Anyway...As you all know, I've been a little obsessed with the chalk art of Dana Tanamachi lately.  I love it.  Like, really, I would marry it if I wasn't already married to the man of my dreams {16 years next Friday, folks!}.  So I wanted to do up a little quote for mother's day as an homage to Dana.  I'm pretty pleased with how it came out.

This one here is scaled to be printed as a 5x7, if you are so inclined to do so.  I've also made the image in an 8x10,  a 16x20, and a 20x30 poster size.  Those files are available on the new My 3 Monsters Facebook page.  You'll have to Like the page to "unlock the exclusive content" -- how dorky do I sound?!  I'm just hopelessly uncool, BUT...these free digital printables are pretty hip, if I do say so myself.  Let me know if you can't get in there to get them.  Head on over to My 3 Monsters on Facebook to see if I did my homework right!

Have a great weekend.

It's OVerflowingLil\'Luna



This is our son Riley.

He's a pretty great kid -- at least we think so.  He likes running, music, video games and making movies with his siblings.  As many of you know, he was diagnosed with Type 1 diabetes when he was in kindergarten.  Wasn't he sweet back then?

Actually, he's still pretty sweet -- just a little bit bigger now.

Last summer he had the opportunity to go to Camp AZDA, a local diabetes camp, for a week.  It was a life-changing experience for our whole family.  We had heard about diabetes summer camps.  Our doctor and several friends who grew up with diabetes recommended we send him, but I always brushed it off thinking, "That's just not for us," or "My kid will be fine without that."  And I was partly right.  He would have been fine without it, but who wants their kid to just be "fine" instead of really thriving?

The only reason I even considered it last year was because the family of another diabetic girl at Riley's school offered him a "scholarship" to the camp.  They, through their fundraising efforts for The American Diabetes Association, had earned a free trip to camp, but their daughter was a little too scared to go.  They really wanted Riley to have the chance to take her place.  How do you say no to kindness like that?  So he went.

Honestly, I think he was a little nervous himself.  I know I was nervous to see him go.  He came home a week later a changed kid.  It was such a good experience for him to meet other kids who are in the same boat -- his people, as he called them.  For the first time in a long time he wasn't the only one who had to stop what he was doing every little while to check his blood sugar or figure out his carbs before he could start eating.  I think it was liberating for him in a weird way.  It was also good for him to see just how good he really has it.  Many of his new friends had been hospitalized several times or had seizures on a regular basis.  Riley hasn't had to experience any of that, thank goodness.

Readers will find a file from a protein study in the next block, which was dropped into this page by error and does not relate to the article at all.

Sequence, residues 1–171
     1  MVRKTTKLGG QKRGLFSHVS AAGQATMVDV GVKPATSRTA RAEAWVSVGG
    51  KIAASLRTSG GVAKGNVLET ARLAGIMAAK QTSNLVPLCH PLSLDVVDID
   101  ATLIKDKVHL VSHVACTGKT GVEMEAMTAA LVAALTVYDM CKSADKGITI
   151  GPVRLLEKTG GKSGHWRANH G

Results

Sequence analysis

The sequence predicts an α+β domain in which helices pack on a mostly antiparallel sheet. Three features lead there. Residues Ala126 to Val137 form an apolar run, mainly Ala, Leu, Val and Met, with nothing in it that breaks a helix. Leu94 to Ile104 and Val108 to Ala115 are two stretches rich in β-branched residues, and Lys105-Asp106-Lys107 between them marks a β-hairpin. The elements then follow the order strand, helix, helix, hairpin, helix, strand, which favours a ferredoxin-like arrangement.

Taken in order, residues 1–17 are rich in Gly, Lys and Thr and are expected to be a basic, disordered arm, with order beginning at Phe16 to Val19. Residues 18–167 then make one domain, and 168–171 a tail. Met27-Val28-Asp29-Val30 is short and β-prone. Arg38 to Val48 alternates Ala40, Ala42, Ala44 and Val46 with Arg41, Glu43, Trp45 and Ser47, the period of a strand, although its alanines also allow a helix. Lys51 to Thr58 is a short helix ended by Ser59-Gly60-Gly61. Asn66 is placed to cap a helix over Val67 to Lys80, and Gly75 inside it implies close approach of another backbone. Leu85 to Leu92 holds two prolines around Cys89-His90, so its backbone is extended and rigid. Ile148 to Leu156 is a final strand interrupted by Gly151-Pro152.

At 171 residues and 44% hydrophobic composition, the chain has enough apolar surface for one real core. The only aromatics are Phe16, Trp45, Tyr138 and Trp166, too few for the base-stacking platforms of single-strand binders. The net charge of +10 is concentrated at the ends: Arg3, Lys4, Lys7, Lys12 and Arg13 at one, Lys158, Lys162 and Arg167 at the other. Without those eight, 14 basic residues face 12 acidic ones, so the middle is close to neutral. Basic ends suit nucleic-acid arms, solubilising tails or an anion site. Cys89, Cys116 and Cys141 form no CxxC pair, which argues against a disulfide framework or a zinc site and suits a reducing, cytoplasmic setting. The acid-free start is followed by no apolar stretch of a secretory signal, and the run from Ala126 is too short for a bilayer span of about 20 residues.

I also think it was great for him to meet his camp counselors, who had juvenile diabetes themselves.  They were a bunch of really cool guys in their early twenties who did everything cool -- travel the world, skateboard, etc. {whatever else a ten year old boy would think was awesome in life}-- even with diabetes.  I think it gave Riley hope that life was going to be great for him, even though his condition wasn't going away.

It was also just plain old fun!  They had cool activities everyday like horseback riding, swimming, rock climbing, sports, crafts, and the smashing of said crafts on rocks {even though he didn't take pictures of any of those things}.  AND there was a big dance party every night.  Riley is just getting to the point where he craves a little independence, but he has this "thing" that keeps him tied to his parents.  I completely understand that it is frustrating at times.  Having a fabulous med staff at camp to take care of his insulin pump infusion set changes and stuff allowed him to have a little freedom for a while.